Proclaim your Greatness – Muhammad Ali Quotes Analysis
Proclaiming his greatness, even before Ali even recognized his greatness, was a strategic decision. And it can be a worthwhile decision for you too. Here’s why:
You are Pressured to Put in the Work to Become the Greatest
Keeping your intention concealed to be the greatest is fine in some cases, but there might not be enough pressure on you to get it done. By proclaiming it, there’s nowhere to hide and you can’t turn back. There’s no other option but to go all in on becoming the greatest. If you proclaim your greatness to your family or friends, they know and will soon be expecting you to personify greatness. Proclaim it on social media and the world will know. Proclaim it in school and your teacher and classmates will know.
Imagine you declare one day in math class to your teacher and classmates, “I will get a 100% score on the test next week.” You better believe you will do everything in your power until the test comes to get that 100%. You will put in the work because you’ll look like a fool to everybody if you don’t get it done.
In his memoir I Feel Like Going On, Ray Lewis notes that during his freshman year at the University of Miami, he proclaimed, “By the time I’m through, I’ll be the greatest player to ever play for the Miami Hurricanes.” Later in a speech to the Miami football team in 2011, he told them, “I did not say that because I thought I was better than everybody else. I said that simply because I was willing to put in the WORK.” Of course Ray Lewis probably would have worked his a** off anyway, even if he didn’t proclaim his greatness. But you bet after proclaiming it, there was no doubt he would put in the work. He proclaimed it and had to stay true to his word.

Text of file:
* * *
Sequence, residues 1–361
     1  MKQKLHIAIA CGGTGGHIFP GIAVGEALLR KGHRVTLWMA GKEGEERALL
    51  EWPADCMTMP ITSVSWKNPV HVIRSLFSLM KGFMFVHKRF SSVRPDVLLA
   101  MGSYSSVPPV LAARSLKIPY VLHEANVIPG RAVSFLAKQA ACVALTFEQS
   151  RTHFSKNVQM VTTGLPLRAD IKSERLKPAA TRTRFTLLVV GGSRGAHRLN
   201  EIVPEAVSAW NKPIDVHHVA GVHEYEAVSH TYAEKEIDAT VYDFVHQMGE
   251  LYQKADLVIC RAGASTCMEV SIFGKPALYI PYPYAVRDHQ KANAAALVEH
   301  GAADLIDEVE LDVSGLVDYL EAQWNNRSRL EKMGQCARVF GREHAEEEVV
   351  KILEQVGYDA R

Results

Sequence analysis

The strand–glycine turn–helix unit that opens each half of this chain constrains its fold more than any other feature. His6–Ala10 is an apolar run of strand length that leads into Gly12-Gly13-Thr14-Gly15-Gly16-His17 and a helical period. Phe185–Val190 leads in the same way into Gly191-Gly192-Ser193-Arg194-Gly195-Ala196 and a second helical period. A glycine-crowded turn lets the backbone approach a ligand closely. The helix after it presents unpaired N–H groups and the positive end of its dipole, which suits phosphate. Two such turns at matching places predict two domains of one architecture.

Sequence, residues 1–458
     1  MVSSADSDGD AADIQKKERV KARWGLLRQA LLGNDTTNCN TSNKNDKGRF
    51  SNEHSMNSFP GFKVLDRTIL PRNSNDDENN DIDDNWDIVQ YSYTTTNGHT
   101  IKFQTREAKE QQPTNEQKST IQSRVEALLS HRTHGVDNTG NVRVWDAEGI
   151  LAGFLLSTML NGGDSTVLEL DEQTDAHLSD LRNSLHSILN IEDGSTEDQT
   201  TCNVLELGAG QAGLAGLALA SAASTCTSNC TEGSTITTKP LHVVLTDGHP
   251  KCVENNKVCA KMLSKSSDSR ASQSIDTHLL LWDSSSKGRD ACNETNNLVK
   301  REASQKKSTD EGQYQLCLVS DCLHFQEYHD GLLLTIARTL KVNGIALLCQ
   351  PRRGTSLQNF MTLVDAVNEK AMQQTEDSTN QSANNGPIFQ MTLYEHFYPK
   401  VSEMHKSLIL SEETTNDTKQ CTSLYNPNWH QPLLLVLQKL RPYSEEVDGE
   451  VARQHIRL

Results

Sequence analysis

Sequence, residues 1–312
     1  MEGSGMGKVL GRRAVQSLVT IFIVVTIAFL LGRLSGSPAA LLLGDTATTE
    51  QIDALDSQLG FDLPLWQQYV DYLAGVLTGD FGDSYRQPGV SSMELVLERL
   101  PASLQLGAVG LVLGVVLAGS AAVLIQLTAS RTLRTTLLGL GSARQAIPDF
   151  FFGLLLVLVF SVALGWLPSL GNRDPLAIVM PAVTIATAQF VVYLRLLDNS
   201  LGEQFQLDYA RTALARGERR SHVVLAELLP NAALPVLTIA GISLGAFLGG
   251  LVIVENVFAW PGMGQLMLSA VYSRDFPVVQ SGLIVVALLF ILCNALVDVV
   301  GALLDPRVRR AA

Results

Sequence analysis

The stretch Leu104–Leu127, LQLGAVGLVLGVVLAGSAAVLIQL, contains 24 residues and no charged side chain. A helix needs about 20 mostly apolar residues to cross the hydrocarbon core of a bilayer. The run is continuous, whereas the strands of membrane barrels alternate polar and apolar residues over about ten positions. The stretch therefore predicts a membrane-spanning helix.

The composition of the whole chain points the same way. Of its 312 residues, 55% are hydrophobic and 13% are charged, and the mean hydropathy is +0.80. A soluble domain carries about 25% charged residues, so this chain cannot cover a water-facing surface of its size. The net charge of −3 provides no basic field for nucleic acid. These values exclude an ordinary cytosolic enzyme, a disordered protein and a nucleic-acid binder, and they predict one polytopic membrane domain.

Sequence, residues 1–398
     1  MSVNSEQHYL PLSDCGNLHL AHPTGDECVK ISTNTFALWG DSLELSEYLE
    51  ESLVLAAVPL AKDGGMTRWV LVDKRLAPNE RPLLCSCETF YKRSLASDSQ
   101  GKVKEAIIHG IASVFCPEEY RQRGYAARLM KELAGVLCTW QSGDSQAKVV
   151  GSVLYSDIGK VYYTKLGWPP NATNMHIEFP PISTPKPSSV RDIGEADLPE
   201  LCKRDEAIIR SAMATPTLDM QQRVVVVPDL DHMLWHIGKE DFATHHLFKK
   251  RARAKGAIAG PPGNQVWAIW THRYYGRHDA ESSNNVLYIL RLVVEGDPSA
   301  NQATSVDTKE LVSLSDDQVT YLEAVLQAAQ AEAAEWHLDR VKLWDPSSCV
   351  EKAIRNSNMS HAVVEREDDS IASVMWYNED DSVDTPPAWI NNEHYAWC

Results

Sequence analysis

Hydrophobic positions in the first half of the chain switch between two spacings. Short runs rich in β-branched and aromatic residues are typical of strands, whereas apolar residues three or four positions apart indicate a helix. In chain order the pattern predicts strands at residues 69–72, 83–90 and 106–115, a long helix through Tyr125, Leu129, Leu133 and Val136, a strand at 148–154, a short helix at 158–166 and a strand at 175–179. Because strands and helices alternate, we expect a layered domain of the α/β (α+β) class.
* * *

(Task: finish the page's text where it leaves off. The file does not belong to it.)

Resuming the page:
Note that the idea is to proclaim your greatness before you become great. It would be pointless to proclaim your greatness when you already are the greatest because people already see it. You don’t have to say anything. When you’re on top, people know. You don’t need any re-assurance from anybody, including yourself, to get yourself going to become the greatest. You already are.
Have a big goal you want to accomplish in the future? In some cases it’s best to conceal your intentions, but in others – proclaim it. Put that pressure on you and if you’ve got greatness in you, it will then come out when you put in the work.
Hesitations to Proclaiming your Greatness:
1. You are not willing to put in the work
Muhammad Ali was. Even though he “hated every minute of training”, he was still willing to suffer to become a champion. If you are not willing to put in the work and make the sacrifices to become great or the greatest, then be real with yourself and accept your mediocrity. Stop reading now; you already wasted a couple minutes of your time.
2. You fear you won’t become the greatest even if you put in the work
Rather than go the route of saying, “Don’t fear anything; Be tough; You can do anything”, I’ll acknowledge the reality that fear or doubt can be a valid feeling. If you realistically don’t think there’s anyway you’ll become great even through work, then proclaim something else. Maybe not “Greatness”, but ‘Goodness”. Instead of proclaiming you will get a 4.0 your next semester in college, proclaim you’ll get a 3.5. Instead of proclaiming a big goal such as lifting XXX amounts of pounds on a certain lift, proclaim the goal that you’ll lift 10 more pounds on a certain lift within one month. It’s tough to go from average to great, so it’s fine and probably even necessary to proclaim “goodness” first. But once your definition of “goodness” is reached, why not proclaim “greatness” next and see if you’ve got it in you?